December 16, 2009

Oral Roberts was part Cherokee

Oral Robert's Last Sermon Delivered To Local Native American Church

By Jeffrey SmithOn the news, you saw Oral Roberts blessing his university's third president before thousands of students.

"I'm all choked up this morning trying to talk, because this is a high moment for me. You just don't know how deeply moved I am," Roberts said during the sermon.

What you didn't see was a surprise visit to a small Native-American Church, two days later.

"Everyone was just taken aback; you could see it on their faces," Pastor Negiel Bigpond said.

Oral Roberts was a fan of Bigpond's book on Indian women, called Women Warriors.

He wanted to meet privately with Bigpond to discuss their ancestry.

"He was proud of his blood; he kept saying I'm very proud of my bloodline, my Cherokee blood," Bigpond said.
The following note confirms Roberts's Cherokee heritage:

Oral Roberts Biography & NotesOral Roberts (born January 24, 1918) is an American neo-Pentecostal Christian televangelist. He can be considered to be a part of the Charismatic movement.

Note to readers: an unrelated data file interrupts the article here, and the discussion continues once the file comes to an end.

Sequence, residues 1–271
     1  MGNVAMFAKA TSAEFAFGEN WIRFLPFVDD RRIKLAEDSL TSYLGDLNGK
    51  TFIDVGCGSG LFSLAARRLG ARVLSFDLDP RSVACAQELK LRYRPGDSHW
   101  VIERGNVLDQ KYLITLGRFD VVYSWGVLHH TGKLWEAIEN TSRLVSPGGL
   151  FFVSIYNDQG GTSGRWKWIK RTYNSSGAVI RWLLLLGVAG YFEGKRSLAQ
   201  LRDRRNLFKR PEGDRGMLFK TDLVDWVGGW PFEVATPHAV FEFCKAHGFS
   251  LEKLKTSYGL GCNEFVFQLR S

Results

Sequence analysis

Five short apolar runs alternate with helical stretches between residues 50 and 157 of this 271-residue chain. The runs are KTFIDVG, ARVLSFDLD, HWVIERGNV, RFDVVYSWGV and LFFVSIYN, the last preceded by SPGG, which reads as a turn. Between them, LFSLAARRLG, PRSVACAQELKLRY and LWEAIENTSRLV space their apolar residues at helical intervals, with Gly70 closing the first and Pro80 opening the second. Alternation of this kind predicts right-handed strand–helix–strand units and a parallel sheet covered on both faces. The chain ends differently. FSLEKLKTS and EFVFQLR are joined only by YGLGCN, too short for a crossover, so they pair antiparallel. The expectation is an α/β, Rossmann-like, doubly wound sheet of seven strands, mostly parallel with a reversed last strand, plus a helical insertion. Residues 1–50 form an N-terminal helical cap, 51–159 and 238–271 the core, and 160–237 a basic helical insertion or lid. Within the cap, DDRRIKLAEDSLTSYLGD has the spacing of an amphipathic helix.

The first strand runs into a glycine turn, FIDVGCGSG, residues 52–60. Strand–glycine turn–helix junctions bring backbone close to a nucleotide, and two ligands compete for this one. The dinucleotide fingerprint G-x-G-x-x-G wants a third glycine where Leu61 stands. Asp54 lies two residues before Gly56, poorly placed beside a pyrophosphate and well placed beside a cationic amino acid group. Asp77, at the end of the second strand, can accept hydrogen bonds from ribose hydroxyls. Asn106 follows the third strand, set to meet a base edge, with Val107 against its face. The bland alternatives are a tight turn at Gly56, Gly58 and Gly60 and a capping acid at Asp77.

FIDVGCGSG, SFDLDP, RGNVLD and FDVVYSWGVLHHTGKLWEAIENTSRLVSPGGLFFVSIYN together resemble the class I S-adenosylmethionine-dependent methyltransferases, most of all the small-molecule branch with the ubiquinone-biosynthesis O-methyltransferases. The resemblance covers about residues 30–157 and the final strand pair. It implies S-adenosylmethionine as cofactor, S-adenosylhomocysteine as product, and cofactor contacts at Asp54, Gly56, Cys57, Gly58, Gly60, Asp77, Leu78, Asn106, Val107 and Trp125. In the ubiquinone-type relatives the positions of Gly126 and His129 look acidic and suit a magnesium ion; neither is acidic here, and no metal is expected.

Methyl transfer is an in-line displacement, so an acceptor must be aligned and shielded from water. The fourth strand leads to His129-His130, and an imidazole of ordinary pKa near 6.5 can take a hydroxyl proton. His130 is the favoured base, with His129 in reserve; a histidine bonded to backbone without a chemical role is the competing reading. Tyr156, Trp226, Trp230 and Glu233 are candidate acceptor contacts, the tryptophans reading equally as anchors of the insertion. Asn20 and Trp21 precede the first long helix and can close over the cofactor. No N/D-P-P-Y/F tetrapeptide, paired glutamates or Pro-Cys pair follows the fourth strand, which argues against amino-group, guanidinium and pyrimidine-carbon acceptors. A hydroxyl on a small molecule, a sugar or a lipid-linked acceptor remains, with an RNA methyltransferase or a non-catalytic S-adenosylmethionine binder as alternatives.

He was born in Pontotoc County, Oklahoma as Granville "Oral" Roberts, the fifth and youngest child of Rev. and Mrs. Ellis M. Roberts. His mother was 1/4 Cherokee.
Comment:  So Roberts was 1/8 Cherokee, eh? Too bad he died. According to Hollywood execs, he was as qualified as anyone else to play Tonto.

For more on televangelists, see Targeting Born-Again Christians.

Below:  Oral Roberts and Negiel Bigpond.


Kat said...

Well, John Ross was also 'only' 1/8 Cherokee...

Kat said...

For another interesting (and funny) comparison:


Riley said...

Or being 1/16th Irish...

Anonymous said...

There are many, many Americans with native blood (due to lots of historical complications,most blacks can't claim anything legally,though most on the east coast easily have more than 1/8 native ancestry),but very few are directly involved with the Native American community. Oral Roberts was,so he can claim it whereas others can do so only at the risk of looking like pretentious wannabes, or folks who've decided that being white is so boring that they must be something more exotic.


Rob said...

Someone with 1/8th Indian blood may or may not be considered an Indian. When your blood quantum is that small, the determination tends to depend on more qualitative variables. For instance, whether you grew up in a Indian culture, whether you actively participate in one, or whether other Indians accept you as a peer.

For more on the subject, see "Actual Indian" Defined.